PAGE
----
Ubuntu ureadahead Support: Compatible with Ubuntu’s readahead.

    Paravirtualization options enabled to reduce overhead under virtualization.

    Minimal Debugging: Minimum number of debug options enabled to increase kernel throughput.


    ### Reading is more comfortable if you redirect the output to a text file for browsing,
    ### or pipe the output through grep if you are just looking to check a specific detail.
    cat /lib/modules/ |less

    ### config details of the currently running kernel are exposed via vfs
    zcat /proc/config.gz |less

    ### plaintext files containing details of each installed kernel can be found here:


    Hello skidoo,

    many thanks for investigating in this question!

    patches, plural?
    I had read it as: the (a, one, singular) patch, downloadable from multiple places.

    nope, there are actually available five different patches for nvidia 304.137 on recent antiX 4.19.184 kernel, which are meant to be applied to nvidia drivers running on different kernel versions sequently (including the lower ones to be applied on nvidia drivers on all the higher kernels also):

    patch for 4.3 and above kernels

    additional patch for 4.12 and above kernels

    additional patch for 4.14 and above kernels

    additional patch for 4.15 and above kernels

    additional patch for 4.16 and above kernels

    which are supposed to fix different problems. There are some more of them in

    for the succeeding kernel series 5.x which I didn’t had to apply.


    P.S.: Also many thanks for all the strong fu 🙂

    • This reply was modified 1 month ago by Robin. Reason: sentence structure was out of order
    • This reply was modified 1 month ago by Robin.
    • This reply was modified 1 month ago by Robin.
    Brian MasinickBrian Masinick

    Thanks for the details and explanation of the patches.

    Brian Masinick



    This is a practical guide with concise explanations, however the reader is supposed to know what s/he is doing.

    That gave me a laugh!


    Brian MasinickBrian Masinick


    This is a practical guide with concise explanations, however the reader is supposed to know what s/he is doing.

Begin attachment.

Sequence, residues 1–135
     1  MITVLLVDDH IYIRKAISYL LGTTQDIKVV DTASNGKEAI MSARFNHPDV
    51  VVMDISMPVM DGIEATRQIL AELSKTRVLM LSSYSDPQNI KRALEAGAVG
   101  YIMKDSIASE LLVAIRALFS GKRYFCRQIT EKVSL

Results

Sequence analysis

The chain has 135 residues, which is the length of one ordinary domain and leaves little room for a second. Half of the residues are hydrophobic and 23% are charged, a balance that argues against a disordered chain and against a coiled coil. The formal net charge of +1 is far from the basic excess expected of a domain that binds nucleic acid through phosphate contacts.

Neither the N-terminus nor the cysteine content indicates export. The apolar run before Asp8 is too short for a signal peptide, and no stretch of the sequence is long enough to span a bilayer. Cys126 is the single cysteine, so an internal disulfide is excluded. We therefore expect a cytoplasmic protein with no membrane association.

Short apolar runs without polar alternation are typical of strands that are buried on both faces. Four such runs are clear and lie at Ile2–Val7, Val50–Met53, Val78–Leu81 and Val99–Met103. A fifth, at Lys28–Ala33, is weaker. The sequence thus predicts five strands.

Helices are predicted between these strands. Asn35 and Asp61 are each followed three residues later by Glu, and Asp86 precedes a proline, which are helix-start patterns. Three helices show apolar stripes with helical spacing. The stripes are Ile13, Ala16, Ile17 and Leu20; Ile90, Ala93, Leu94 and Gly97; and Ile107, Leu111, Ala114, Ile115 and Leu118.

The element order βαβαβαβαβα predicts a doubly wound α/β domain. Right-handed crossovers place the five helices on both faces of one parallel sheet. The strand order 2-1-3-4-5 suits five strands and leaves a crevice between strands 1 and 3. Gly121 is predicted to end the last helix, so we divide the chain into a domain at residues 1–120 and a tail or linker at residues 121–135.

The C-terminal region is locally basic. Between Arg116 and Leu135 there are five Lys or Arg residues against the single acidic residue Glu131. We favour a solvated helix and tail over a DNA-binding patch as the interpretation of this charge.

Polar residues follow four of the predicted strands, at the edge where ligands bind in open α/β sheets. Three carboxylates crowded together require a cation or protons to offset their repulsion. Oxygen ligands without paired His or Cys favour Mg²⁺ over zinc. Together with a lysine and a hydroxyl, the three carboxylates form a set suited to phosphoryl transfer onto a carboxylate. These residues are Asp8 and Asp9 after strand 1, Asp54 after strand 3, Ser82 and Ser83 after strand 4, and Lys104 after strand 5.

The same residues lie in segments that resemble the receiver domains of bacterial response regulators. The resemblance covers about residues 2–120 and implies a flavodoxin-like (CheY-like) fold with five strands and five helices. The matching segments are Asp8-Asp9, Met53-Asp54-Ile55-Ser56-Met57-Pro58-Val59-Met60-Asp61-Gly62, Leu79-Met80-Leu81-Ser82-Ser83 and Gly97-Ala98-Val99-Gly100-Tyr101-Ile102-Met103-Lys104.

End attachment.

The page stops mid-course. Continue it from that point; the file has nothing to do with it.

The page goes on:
That gave me a laugh!


    That is funny! Nevertheless, it is a solid guide for many commands and packaging styles. For the absolute beginner, there is a lot that will be difficult to understand, and yet, for someone with even moderate experience, the syntax and examples will be of some use. I think that a decent percentage of people using this forum will find at least some of the information worthwhile. For the absolute beginner, a text that does not provide much depth, but instead provides a starting point may be useful. However, after a moderate amount of reading, studying, actually trying things out, I think that many people will be surprised by how much of the information provided will begin to make sense. On the other hand, those who put in no effort whatsoever to learn won’t understand anything. I think it’s worth laughing, but I also think that you will already understand some of the content, and definitely be able to use the examples in practical ways. I predict that your comprehension and willingness to experiment will allow you to comprehend as much as you are willing to explore.

    WE all start somewhere. The new technology that keeps coming out finds plenty that I don’t know. After trying something new, often I still struggle, but experience and willingness to experience can, and does, lead to additional learning, even in an “old dog”, who CAN be taught new tricks! I predict that those who are willing, not afraid to make mistakes and learn, WILL make mistakes, but will also learn.

    Brian Masinick